After graduating with his BFA in 2007, Winnipeg’s Brian Hunter worked hard to push the boundaries of traditional painting.
In early works like Sleepover, he painted the insides of old sleeping bags instead of on canvas. Later, using a large rabbit costume as a “brush,” Hunter created a huge painted surface as a performance/installation called Carpe Nightem. And for his project Support and Comfort, Hunter painted figures onto trashed mattresses and re-installed them in various public spaces.
But it’s a return to traditional painterly gestures—focusing on studio, palette, canvas and brushstroke—that Hunter has been exploring of late.
And it’s an appreciation for the worlds of possibility still available within traditional painting that won him first prize in this year’s RBC Canadian Painting Competition.
“The installations and the colourful punchiness of my previous work is not something that I feel I’ve abandoned,” Hunter tells Canadian Art. “But I wanted to explore an honest approach to painting that I feel didn’t need to be so loud and in your face. I became a bit more absorbed in just being alone in my studio and making work for myself.”
As Hunter tells Canadian Art in a new video, his winning painting is part of “a series that I’ve been exploring for the past year and a half using these little compartment pieces. This one is based off of two old letterpress boxes.”
Part of the reason for Hunter’s shift to smaller, 2-D is logistical—he had to jettison much of his larger work when he moved back home to Winnipeg from overseas a few years ago. And the letterpress boxes entered his life by happenstance when he and his wife were sorting through her grandmother’s things in Winnipeg.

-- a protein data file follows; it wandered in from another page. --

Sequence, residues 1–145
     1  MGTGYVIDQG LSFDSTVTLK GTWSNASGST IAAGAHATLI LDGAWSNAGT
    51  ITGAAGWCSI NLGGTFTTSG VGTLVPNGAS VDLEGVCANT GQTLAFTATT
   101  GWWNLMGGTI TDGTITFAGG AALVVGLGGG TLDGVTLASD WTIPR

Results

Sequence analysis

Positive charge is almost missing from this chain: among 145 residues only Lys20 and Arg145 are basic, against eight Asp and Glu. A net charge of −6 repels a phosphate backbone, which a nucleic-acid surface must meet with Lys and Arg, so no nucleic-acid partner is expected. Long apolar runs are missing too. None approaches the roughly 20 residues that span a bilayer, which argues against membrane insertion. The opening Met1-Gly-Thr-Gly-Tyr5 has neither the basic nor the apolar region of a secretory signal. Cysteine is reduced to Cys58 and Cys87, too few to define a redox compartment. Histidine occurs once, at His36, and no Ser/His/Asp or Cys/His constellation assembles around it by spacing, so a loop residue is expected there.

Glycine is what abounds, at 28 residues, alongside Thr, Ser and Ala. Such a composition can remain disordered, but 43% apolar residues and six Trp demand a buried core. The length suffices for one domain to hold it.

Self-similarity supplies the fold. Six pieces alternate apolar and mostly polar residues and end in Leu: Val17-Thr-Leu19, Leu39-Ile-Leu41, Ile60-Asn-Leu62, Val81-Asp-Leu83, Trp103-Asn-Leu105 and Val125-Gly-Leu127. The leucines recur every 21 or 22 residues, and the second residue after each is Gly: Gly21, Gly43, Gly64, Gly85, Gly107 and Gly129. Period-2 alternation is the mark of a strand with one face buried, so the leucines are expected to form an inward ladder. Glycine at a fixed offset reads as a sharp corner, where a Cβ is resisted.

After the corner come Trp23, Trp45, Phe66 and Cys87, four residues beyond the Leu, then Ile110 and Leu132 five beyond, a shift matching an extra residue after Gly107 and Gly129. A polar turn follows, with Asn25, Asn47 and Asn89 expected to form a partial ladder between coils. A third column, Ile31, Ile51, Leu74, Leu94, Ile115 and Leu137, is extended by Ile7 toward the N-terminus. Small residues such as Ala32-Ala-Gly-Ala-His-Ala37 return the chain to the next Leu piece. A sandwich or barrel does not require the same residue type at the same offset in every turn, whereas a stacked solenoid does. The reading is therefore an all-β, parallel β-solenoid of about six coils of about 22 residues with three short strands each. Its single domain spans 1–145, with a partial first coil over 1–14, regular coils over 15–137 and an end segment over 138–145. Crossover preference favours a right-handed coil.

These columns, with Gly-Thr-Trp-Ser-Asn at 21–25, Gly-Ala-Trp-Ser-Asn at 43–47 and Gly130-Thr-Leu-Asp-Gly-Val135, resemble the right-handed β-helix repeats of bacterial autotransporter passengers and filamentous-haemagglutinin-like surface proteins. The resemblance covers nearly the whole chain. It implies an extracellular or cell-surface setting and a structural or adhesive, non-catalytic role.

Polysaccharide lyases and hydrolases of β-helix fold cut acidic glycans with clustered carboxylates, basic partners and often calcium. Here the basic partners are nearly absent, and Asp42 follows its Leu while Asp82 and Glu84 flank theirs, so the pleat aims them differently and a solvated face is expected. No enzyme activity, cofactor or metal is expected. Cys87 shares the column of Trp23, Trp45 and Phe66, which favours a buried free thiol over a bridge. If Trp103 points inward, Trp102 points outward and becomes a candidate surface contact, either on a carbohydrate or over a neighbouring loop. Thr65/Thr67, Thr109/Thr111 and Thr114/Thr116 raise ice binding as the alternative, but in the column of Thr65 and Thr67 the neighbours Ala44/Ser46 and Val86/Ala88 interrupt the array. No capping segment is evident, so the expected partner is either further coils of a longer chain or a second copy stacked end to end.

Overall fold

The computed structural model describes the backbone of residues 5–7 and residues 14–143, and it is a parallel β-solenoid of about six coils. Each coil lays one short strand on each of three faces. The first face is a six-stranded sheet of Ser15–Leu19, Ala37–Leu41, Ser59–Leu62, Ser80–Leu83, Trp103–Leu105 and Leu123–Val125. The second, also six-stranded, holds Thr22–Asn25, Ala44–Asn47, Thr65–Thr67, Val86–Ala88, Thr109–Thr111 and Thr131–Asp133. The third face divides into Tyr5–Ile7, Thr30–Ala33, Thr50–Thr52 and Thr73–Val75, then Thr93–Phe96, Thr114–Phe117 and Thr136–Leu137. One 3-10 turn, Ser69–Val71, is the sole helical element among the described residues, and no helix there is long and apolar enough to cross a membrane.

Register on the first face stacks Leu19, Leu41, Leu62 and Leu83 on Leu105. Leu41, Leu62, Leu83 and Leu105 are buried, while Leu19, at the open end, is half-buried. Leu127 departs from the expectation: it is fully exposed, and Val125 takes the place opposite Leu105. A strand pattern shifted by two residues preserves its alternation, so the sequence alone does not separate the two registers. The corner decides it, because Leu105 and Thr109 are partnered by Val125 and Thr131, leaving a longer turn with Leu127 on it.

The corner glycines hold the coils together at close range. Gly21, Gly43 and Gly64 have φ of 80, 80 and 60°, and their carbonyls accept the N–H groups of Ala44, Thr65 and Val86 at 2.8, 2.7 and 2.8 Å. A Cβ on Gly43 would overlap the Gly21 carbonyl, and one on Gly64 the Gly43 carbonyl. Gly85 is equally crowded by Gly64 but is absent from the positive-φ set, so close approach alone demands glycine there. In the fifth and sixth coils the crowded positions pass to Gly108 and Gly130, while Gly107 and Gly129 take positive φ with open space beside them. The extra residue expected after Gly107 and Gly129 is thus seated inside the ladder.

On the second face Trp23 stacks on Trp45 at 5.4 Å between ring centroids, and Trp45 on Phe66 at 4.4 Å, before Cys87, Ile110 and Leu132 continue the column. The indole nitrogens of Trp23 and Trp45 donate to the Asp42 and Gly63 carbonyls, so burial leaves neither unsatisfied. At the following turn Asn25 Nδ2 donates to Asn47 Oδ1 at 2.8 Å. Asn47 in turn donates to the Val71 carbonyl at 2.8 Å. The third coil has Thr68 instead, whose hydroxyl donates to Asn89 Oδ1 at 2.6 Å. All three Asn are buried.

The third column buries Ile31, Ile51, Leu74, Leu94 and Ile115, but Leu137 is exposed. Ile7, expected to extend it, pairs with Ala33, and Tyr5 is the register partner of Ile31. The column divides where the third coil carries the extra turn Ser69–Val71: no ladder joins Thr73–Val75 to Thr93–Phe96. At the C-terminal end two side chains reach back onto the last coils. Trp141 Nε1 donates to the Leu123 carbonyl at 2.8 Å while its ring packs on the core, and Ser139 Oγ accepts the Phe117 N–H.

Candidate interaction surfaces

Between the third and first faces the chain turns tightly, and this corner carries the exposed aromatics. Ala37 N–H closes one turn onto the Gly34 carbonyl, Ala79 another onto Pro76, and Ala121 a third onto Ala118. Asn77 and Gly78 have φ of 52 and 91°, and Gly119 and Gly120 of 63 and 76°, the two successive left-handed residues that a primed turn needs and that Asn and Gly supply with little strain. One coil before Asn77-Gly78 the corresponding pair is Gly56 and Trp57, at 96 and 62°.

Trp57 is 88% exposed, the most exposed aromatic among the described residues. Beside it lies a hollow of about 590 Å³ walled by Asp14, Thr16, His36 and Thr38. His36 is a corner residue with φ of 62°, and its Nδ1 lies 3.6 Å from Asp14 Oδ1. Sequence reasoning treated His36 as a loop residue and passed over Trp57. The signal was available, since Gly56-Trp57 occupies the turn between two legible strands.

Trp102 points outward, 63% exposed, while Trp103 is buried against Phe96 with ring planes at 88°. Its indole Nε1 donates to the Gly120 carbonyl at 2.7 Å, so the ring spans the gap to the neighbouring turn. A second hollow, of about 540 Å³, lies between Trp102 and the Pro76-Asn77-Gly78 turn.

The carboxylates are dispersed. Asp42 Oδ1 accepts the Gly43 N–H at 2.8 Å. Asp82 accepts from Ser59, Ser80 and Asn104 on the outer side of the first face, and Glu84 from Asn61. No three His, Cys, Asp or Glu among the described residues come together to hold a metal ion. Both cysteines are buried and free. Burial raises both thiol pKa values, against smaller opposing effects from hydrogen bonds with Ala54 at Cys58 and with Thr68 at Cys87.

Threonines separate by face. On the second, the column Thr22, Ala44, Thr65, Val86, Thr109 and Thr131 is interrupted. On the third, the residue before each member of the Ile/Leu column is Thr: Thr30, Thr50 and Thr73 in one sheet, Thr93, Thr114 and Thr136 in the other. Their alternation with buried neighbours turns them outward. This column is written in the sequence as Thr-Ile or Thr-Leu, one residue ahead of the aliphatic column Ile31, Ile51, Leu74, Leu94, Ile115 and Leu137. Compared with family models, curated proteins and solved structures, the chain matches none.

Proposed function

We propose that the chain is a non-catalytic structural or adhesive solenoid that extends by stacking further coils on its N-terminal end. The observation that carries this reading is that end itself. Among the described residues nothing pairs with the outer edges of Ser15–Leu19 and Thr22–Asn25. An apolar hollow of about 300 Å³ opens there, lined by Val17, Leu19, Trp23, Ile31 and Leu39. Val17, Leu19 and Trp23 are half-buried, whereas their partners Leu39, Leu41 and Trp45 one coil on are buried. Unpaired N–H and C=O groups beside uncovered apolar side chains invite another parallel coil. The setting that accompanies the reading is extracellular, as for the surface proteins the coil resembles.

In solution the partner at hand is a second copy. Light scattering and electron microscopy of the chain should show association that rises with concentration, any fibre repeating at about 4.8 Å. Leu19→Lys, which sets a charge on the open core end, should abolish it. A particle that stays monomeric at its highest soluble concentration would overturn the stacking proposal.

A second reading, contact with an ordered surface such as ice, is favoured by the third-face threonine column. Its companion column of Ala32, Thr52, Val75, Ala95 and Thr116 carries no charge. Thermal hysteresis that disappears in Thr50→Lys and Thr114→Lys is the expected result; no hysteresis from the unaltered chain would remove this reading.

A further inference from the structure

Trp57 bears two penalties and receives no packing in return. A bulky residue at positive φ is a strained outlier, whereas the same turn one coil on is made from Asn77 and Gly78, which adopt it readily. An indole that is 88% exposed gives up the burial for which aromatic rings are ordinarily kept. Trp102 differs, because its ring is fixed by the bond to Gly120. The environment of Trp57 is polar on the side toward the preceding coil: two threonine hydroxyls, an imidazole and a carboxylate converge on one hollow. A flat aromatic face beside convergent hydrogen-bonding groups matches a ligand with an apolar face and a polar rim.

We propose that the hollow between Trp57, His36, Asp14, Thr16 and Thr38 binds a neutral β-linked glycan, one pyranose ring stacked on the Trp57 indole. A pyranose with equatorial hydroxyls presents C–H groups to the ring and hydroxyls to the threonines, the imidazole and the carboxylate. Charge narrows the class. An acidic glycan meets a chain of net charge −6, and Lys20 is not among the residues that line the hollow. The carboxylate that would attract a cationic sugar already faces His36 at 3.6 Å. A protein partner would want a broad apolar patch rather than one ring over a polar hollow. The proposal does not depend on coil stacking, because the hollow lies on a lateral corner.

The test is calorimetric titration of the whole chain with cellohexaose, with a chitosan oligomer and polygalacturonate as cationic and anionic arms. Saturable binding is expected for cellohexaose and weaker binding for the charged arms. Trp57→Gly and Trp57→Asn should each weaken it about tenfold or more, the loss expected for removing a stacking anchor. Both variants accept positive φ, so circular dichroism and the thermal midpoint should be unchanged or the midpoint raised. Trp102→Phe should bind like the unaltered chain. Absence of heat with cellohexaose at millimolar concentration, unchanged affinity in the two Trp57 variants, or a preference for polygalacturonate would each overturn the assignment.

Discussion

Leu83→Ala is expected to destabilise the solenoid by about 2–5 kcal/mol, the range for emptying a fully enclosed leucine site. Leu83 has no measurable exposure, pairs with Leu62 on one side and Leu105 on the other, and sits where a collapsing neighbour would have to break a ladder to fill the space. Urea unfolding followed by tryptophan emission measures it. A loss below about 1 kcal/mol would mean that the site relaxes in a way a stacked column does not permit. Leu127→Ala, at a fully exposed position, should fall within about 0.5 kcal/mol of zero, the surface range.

But there is also a philosophical change here. In contrast to his earlier, more installation-oriented way of creating artwork, Hunter—like the letterpress boxes he has made his subject—now locates multiple spaces of possibility within smaller, stricter, more rectilinear boundaries.
“I’ve been exploring this way of working really quickly and making these very sort of quiet, somber pieces,” Hunter says. “You can see throughout the paintings I have these very fast brushstrokes.”
As Hunter notes, many things can be going on in even one representational-style painting.
“There are a lot of things happening in this piece, and in the gestures, I think I’m referencing John Hartman and the roads he does in his Canadian landscapes,” Hunter says.
Hunter also enjoys exploring a spectrum in two-dimensional painting where the imaginary and the actual can converge.
“I have been working with a couple of letterpress boxes for reference,” Hunter says, “but I have also imagined a couple, and I’ve been exploring how much reference material I need.”
Yet installation hasn’t left Hunter’s work completely, by any means. For now, he is letting the process of studio practice guide him.
“I feel like the paintings are in the early stage of development,” Hunter says. “I’m trying to think of how can push this body of work. I’ve got a couple of potential shows on the horizon, and I just want to see how the work evolves, and see if installation comes back into my practice, or if I continue to focus on that two-dimensional surface.”
For more information about the RBC Canadian Painting Competition, a partnership with Canadian Art, visit rbc.com/paintingcompetition And to tour this year’s prize exhibition virtually—including works by all 15 finalists—click here.